Poor wages and lack of support push mother to leave community pharmacy


Are women supported in the profession? Former community pharmacist and primary caregiver of two children steps in

By Chantelle Pennington

Is pharmacy a good profession for women? The answer depends on your own financial or professional goals, the dedication of the community pharmacy owner (s) to supporting the employee, and the individual family situation.

As the primary caregiver of two young children, in my experience community pharmacy is not a female-friendly profession. However, I also don’t think this is unique to community pharmacy, but to many health professional roles.

Before I had children, most if not all of the community pharmacies I worked for were owned by men. Although I think pharmacy was a reasonable career choice, I have encountered clients who called me “the little girl” or who openly wanted to speak to a pharmacist rather than a woman. Perhaps this is a social issue rather than something exclusive to the pharmacy.

Before the birth of my first child, I worked full time for a small business pharmacist. After the kids, I tried to navigate the role of part-time community pharmacist while being the primary caregiver.

As I wanted to return to work, the owner came to visit me when my baby was six weeks old and he really wanted to know if I would return to work sooner than 12 months and what flexible work arrangements I needed when I returned . .

I can understand the point of view of the small business owner, but it meant that I had to try to make a decision about the job while trying to struggle with a newborn baby, which made me anxious.

When I returned to work, I sometimes felt that the flexible working arrangements I had requested, such as leaving early (for example, picking up my one-year-old child after a 10-hour day at the nursery) or an occasional sick day, aroused some resentment among other pharmacists who were not in the same family situation, perhaps because they themselves did not feel supported and not rewarded for their dedication – Because it was often up to them to “take over” rather than the owners.

When my second child was born, I feel like I was finally laid off on maternity leave due to my lack of flexibility. Again, the same owner insisted very strongly on when and in what capacity I would return to work – this time before I even gave birth!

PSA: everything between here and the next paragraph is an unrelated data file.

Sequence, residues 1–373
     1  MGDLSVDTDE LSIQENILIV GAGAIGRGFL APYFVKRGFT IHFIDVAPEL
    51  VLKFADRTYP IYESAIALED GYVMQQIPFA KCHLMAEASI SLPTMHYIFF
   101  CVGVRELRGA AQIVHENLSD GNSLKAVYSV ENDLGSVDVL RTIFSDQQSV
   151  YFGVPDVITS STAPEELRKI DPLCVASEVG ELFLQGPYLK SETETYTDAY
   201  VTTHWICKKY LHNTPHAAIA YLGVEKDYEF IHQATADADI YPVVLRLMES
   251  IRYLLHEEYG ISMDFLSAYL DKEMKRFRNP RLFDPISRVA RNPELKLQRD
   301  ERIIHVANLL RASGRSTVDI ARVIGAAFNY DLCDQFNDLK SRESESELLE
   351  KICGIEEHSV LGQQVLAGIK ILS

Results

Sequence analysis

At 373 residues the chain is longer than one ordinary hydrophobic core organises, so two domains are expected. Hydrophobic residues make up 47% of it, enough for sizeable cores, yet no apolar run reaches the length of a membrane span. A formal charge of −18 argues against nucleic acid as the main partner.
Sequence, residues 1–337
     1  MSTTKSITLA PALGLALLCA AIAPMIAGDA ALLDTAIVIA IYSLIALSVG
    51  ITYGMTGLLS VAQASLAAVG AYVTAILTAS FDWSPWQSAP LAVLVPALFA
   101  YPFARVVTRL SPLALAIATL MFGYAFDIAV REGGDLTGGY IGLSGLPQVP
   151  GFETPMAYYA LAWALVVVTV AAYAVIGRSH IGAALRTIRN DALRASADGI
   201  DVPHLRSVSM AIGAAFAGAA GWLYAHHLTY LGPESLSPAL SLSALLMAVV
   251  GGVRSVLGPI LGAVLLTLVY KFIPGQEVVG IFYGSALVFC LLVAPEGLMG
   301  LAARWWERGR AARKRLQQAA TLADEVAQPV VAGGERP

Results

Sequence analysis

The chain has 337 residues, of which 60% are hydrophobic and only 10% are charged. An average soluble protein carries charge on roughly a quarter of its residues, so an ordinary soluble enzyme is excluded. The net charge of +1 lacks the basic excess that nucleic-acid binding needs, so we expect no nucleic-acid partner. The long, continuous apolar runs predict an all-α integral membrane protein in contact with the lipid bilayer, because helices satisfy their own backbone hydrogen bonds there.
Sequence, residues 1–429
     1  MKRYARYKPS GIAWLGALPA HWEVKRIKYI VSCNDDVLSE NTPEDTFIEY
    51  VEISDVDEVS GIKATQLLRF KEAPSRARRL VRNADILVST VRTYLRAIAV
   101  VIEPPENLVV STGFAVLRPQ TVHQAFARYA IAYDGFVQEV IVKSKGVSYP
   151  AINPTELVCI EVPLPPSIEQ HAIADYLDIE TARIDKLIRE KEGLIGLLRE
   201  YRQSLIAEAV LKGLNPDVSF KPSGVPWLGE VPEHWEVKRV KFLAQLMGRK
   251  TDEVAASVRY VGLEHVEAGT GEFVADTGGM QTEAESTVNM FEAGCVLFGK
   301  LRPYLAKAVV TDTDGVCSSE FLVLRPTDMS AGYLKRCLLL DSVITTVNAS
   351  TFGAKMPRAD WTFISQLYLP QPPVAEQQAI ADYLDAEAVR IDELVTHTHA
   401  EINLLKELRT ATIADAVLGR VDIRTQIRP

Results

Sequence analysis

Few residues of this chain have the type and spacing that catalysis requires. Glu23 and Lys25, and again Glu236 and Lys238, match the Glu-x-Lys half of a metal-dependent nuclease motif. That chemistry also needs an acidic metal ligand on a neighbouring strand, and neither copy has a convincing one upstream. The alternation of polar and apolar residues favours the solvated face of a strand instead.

The pharmacy ended up being sold four weeks before I returned to my previous duties, while I was still technically on maternity leave. If I wanted to come back and work for the new owners, I was offered medication reviews as I ‘could work remotely’ and that would be beneficial as a primary caregiver (I was also offered the occasional weekend shift, though. I was asking).

The fact that I was not offered primarily to work from home to complete the HMR / RMMR reports only reinforces the fact that, had I been more flexible, I think I would have returned to some form of community pharmacist.

Of course, the new owners vehemently denied that this had anything to do with my inflexibility. However, the person who was offered the full-time position was the pharmacist who covered my maternity leave, not a primary caregiver.

After this experience, I tried to work part-time in the community pharmacy again, but it proved too difficult given the shorter hours I requested and the feeling of guilt if my children were sick. I felt very guilty for calling sick, and about to get a phone call to pick them up.

Maybe on second thought it also caused me to send the kids to daycare when they should have been at home, or have my husband take the kids with him to work, all this because I didn’t want to let the rest of the team down and put extra pressure on an already pressured pharmacy profession.

Of course, if the pay reflected the sacrifices I felt I was making and if there had been less stagnation in salary increases, then maybe I would have felt differently and stay in the community pharmacy. , and maybe even thought about ownership opportunities.

I even heard the story of a female pharmacy owner, due to the restrictions on not being able to leave the store without closing it, sending her eight-year-old daughter with a saleswoman to receive stitches.

There are three key areas that I think need to be changed in the profession, even if these are not unique to community pharmacy: the lack of support from the team (including those who stay to take the relay), stagnant salary increases and poor pay.

If a woman takes on the role of primary caregiver, then she must feel more supported in this role when she has to leave to pick up sick children or call sick people. Perhaps what is needed is more education and, in general, more sympathy for the role of a primary caregiver and why they may need to “leave at 3pm to pick up the children” or to have a sick day. Illness will always occur, so having a contingency plan if a staff member has to leave will help other staff feel supported.

I can only imagine it’s even more difficult in the days of COVID with grandparents locked in and more anxiety around the disease in general. Better pay would at least give women in primary caregiving positions a tangible advantage over the sacrifices they may feel they are making.

I am currently a sole proprietorship as a consultant pharmacist, and in this role it is fully suited to women. I work my own hours and can manage illnesses more easily. It is also a very rewarding professional career. So, in essence, whether pharmacy is a female-friendly profession depends on the career path you choose and your personal circumstances.

Chantelle Pennington is a consultant pharmacist and former community pharmacist based in the Gold Coast.


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